National Teacher of the Year: 'The revolution begins with us'
2012 National Teacher of the Year Rebecca Mieliwocki spoke at the NEA annual meeting on July 5.
July 5th, 2012
04:19 PM ET

National Teacher of the Year: 'The revolution begins with us'

By Donna Krache and Jamie Gumbrecht, CNN

(CNN) - The United States is obsessed with high-stakes testing that doesn't show whether teachers are masterful and students are knowledgeable, National Teacher of Year Rebecca Mieliwocki said to nearly 8,000 of her colleagues at the National Education Association annual meeting Thursday.

"When we help a child reach proficiency at any grade level, we have changed the quality of that child's life and that community forever," she said. "But aiming for proficiency means we aim to create generations of children who are average."

Instead, she said "people who haven't set foot in a classroom" should not be making decisions and policies about teaching, and teachers should be aiming to take all students - whether hungry, homeless, in the midst of their first crush or celebrating the big game - beyond the test.

"We have got to stop talking about testing and start talking more about developing, supporting and celebrating teachers," she said. "Teachers are the architects of the change we've been waiting for. We've forgotten what a teacher can do that a standardized test can't."


July 5th, 2012
11:33 AM ET

Implosion brings down Crimson Tide landmark

by James Dinan, CNN

(CNN) It took just a few seconds for a 43-year-old dormitory to turn into rubble and dust.

Rose Towers, a landmark residence hall on the campus of the University of Alabama in Tuscaloosa, was demolished via implosion Wednesday morning to make way for new student housing.

Dozens of people gathered near Rose Towers to see the dorm fall.

The university says that Rose Towers has been home to thousands of students, and once housed a child care center.   It will be replaced by the second phase of the school’s Presidential Village Residential Community, which is expected to open in two years.

Watch the above video to see a Crimson Tide landmark implode.

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Is Sebastian Thrun's Udacity the future of higher education?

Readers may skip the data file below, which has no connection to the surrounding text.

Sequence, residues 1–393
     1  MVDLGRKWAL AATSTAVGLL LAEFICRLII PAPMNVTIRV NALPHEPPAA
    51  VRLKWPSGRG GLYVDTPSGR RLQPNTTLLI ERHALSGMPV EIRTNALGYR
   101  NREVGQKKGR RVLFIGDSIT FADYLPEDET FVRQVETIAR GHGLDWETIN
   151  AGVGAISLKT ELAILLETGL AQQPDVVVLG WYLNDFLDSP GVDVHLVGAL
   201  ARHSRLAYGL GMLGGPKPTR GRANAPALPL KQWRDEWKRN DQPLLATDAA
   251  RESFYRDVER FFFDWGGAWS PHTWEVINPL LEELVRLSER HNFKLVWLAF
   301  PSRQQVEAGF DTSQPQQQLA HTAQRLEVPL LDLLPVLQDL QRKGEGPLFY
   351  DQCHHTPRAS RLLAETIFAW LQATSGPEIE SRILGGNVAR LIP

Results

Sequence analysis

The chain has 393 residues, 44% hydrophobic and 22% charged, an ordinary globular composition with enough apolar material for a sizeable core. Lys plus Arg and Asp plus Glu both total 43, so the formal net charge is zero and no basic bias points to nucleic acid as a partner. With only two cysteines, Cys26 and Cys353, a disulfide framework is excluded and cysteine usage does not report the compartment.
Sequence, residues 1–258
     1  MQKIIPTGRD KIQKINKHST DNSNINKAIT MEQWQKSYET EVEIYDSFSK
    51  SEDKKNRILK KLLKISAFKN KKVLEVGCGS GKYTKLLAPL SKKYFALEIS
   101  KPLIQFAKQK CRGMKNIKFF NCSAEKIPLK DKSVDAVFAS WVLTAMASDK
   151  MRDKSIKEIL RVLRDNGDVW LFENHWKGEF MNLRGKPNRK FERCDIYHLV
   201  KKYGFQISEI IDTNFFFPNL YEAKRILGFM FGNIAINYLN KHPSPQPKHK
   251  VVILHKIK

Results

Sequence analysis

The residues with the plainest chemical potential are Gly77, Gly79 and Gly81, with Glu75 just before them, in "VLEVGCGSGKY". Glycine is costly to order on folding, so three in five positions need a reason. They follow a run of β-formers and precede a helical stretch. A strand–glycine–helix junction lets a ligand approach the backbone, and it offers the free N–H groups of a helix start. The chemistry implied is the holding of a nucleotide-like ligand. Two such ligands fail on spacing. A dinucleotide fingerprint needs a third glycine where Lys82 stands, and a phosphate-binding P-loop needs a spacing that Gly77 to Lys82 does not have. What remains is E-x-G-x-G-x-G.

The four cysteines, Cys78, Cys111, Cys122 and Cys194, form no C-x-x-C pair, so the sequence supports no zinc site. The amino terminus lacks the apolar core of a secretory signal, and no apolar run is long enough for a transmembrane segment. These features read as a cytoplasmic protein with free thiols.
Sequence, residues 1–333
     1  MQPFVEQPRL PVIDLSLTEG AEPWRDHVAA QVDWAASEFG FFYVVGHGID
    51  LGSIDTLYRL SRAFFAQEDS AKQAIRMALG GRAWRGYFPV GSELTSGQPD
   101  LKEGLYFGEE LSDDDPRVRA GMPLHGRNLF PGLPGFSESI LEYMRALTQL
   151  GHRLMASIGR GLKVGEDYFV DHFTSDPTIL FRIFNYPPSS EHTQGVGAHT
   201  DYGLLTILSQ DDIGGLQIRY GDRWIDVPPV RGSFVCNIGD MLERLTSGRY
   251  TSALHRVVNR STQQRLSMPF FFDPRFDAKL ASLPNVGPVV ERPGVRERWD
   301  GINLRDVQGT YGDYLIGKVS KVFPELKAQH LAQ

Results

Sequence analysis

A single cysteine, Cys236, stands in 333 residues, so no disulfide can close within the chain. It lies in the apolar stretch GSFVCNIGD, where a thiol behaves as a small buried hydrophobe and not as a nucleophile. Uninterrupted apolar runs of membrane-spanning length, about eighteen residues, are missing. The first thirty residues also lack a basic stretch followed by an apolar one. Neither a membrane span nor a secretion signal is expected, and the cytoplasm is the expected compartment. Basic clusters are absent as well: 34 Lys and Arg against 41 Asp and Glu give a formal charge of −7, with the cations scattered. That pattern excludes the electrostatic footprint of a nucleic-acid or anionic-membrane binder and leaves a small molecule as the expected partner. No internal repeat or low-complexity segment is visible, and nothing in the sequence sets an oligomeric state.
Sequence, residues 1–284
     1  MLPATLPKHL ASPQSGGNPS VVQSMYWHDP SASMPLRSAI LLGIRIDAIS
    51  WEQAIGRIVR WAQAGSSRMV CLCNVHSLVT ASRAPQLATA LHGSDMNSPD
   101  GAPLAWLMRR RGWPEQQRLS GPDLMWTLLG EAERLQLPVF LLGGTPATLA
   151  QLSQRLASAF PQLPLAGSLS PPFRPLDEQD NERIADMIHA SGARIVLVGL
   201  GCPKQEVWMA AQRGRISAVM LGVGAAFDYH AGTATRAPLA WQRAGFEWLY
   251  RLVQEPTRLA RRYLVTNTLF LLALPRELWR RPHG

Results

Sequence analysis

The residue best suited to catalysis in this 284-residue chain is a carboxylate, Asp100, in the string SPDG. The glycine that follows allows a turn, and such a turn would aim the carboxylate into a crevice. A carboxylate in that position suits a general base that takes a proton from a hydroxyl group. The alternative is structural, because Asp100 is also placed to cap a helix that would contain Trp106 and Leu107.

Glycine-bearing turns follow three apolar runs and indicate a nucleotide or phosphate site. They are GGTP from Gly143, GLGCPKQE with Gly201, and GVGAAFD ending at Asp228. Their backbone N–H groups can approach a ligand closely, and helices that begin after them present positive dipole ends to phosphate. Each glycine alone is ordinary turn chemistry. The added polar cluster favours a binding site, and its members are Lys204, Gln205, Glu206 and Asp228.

Udacity was the brainchild of Sebastian Thrun.
July 5th, 2012
10:07 AM ET

Is Sebastian Thrun's Udacity the future of higher education?

By William J. Bennett, CNN Contributor

Editor's note: William J. Bennett, a CNN contributor, is the author of "The Book of Man: Readings on the Path to Manhood." He was U.S. secretary of education from 1985 to 1988 and director of the Office of National Drug Control Policy under President George H.W. Bush.

(CNN) - Educators and policymakers have long dreamed of providing universal, low cost, first-class higher education. Their wish may come true soon thanks to an unlikely source: Silicon Valley.

The mecca of the technology universe is in the process of revolutionizing higher education in a way that educators, colleges and universities cannot, or will not.

One of the men responsible for what may be an Athens-like renaissance is Sebastian Thrun, Google's vice president and pioneer in artificial intelligence and robotics. Known in science circles for his engineering feats - like Stanley, the self-driving car - Thrun is using his technological prowess to make quality higher education available to the world. I recently interviewed him on my radio show, "Morning In America."

Last year, while teaching a graduate level artificial intelligence class at Stanford University, Thrun lamented that his course could only reach 200 students in the suburbs of Palo Alto. So, he decided to offer his own free online class, with the same homework, quizzes and tests that he gives to Stanford students.

Read the full story from Opinion
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Filed under: After High School • College • Practice • Voices